Similarly, Joachim Jeremias argued[2] at length that there is evidence within the New Testament itself that different authors deliberately abstained from including deeper traditions in certain texts, out of concerm that such was not appropriate. Jeremias also argues that such carefulness was common among both Jews and non-Jews in the ancient near east. Such a practice lasted for centuries among Christians, as, in the fourth century, bishops in Alexandria expressed alarm at the fact that the deeper mysteries of the faith were being exposed to catechumens and non-believers, when they wrote:
    They are not ashamed to parade the sacred mysteries before Catechumens, and worse than that, even before heathens: whereas, they ought to attend to what is written, 'It is good to keep close the secret of a king;' and as the Lord has charged us, 'Give not that which is holy unto the dogs, neither cast your pearls before swine.' We ought not then to parade the holy mysteries before the uninitiated, lest the heathen in their ignorance deride them, and the Catechumens being over-curious be offended.[3]

Therefore, it should not be any surprise that the aforementioned Father Romanides summed up the issue thusly:
    The differences between the Synoptics and the Gospel of John, therefore, are not disagreements as many maintain. On the contrary, they clearly pertain to a difference in depth and fulfillment of the Synoptics by the fourth Gospel in accordance with the catechetical needs of the Church.[4]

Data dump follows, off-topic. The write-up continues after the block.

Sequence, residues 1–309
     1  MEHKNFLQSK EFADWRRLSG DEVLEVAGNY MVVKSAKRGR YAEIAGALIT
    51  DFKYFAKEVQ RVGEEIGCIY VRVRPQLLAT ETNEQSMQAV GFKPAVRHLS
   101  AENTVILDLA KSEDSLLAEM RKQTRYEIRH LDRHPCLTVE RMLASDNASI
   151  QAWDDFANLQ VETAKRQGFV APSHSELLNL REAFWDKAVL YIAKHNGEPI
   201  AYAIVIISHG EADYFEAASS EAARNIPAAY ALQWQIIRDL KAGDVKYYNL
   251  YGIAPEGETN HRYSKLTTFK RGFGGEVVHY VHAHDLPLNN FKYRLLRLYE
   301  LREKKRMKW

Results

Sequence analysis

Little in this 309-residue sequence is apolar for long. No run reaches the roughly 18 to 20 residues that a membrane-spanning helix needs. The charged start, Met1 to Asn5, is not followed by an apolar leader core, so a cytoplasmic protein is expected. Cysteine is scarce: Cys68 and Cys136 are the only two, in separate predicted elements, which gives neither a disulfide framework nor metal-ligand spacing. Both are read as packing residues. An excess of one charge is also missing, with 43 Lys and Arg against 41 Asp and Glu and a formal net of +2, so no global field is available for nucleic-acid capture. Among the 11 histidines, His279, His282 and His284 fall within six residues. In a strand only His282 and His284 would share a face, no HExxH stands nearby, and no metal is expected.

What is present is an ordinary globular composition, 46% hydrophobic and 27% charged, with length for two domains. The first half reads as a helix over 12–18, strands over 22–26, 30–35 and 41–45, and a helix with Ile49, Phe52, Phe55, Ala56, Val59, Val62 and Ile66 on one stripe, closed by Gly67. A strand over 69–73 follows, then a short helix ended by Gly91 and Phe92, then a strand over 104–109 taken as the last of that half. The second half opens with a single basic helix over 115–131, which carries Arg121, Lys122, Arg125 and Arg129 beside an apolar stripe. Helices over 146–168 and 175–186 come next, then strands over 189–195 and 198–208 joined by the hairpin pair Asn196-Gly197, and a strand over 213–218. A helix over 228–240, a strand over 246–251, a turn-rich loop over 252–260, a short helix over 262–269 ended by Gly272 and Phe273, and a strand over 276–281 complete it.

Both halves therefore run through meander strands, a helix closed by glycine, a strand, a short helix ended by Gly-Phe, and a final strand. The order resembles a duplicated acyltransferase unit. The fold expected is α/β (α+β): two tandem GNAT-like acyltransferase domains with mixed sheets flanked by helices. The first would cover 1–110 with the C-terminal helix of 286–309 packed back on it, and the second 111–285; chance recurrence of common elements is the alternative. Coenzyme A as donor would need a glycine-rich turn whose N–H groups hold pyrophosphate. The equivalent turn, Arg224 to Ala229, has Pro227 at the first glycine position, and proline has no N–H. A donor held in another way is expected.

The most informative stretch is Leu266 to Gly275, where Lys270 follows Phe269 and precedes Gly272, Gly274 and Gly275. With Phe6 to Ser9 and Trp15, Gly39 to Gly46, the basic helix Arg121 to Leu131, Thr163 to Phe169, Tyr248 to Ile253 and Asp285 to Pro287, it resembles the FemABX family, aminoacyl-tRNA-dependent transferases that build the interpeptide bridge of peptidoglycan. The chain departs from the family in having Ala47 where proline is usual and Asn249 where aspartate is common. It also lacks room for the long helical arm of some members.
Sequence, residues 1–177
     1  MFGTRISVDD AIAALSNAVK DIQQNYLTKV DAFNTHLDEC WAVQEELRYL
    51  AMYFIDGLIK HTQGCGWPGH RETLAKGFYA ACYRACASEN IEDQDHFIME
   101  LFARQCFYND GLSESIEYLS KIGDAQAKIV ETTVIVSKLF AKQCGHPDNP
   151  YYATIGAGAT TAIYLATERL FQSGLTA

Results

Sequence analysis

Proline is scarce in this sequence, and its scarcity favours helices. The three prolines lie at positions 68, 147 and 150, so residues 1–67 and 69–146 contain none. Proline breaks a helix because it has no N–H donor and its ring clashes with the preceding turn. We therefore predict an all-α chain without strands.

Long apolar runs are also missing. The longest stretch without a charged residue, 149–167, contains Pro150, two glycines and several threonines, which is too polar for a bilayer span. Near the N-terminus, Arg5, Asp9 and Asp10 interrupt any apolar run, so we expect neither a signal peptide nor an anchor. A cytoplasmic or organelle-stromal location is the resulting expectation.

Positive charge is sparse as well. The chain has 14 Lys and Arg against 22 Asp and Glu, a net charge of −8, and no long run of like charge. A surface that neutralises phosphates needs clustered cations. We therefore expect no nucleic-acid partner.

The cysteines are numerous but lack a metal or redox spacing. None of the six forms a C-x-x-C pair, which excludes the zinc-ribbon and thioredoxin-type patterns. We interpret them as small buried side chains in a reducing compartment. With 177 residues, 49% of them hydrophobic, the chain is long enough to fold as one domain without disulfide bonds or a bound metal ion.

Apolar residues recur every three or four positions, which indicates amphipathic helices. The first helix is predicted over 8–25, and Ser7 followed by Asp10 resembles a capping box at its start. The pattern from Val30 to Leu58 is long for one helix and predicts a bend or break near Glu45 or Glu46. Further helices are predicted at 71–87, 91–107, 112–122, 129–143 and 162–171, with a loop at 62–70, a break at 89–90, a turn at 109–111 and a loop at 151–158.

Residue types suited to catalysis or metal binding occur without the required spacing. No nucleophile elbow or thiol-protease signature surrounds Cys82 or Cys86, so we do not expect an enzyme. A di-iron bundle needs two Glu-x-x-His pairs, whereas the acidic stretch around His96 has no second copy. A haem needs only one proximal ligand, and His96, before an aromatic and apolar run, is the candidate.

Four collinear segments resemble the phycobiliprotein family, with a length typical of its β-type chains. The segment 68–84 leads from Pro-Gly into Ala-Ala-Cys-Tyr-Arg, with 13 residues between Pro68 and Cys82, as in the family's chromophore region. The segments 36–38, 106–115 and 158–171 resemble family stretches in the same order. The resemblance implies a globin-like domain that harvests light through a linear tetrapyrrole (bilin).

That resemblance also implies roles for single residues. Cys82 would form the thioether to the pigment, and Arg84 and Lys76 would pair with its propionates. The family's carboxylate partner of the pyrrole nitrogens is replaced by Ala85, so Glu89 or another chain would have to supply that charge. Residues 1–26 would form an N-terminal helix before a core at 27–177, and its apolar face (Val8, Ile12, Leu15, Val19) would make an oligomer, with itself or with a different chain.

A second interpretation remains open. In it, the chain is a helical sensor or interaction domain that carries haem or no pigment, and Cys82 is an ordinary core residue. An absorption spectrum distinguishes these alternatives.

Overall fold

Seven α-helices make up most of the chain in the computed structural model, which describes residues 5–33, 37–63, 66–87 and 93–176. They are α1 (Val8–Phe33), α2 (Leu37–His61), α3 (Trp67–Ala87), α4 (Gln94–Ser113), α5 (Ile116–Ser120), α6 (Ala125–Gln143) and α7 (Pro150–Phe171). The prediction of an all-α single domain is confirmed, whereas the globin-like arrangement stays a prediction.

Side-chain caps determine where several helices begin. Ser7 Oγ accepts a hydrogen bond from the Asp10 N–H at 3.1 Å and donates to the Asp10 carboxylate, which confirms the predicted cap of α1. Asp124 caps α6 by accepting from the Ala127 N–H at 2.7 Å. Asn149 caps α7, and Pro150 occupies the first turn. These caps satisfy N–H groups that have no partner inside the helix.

The simple conclusion from all of the above is that the differences between the Synoptics and John need to necessitate that material distinct to the latter is fictional. It is entirely possible for different NT authors to have sufficient reason to not include a given tradition in a given text, even if the critics are unable to discern such reasons.
What about the Qur'an?
Interestingly, the argument can be placed back on the Qur'an. The Qur'an has material which does not appear in the Synoptics, yet which we might speculate certain authors would have wanted to employ. For example, consider the story in Soora Maryam 19:27-33, where Christ engages in public theological discourse while still an infant, in defense of His mother. Being that Matthew and Luke affirmed the doctrine of the Virgin Birth, might we not think they would have wanted to include a tradition in which her own child miraculously defends her before a crowd which had insinuated she had become pregnant via improper relations?

Any argument a Muslim attempts to raise in defense of the Qur'anic text will ultimately affirm (whether tacitly or overtly) this simple point: even if a text which came after the Synoptics has material that does not appear in the Synoptics (including material some might think the Synoptic authors might have wanted to use), that need not reflect negatively on the historicity of said material. Once such a point is conceded, it undermines any Muslim use of the relevant argument against John.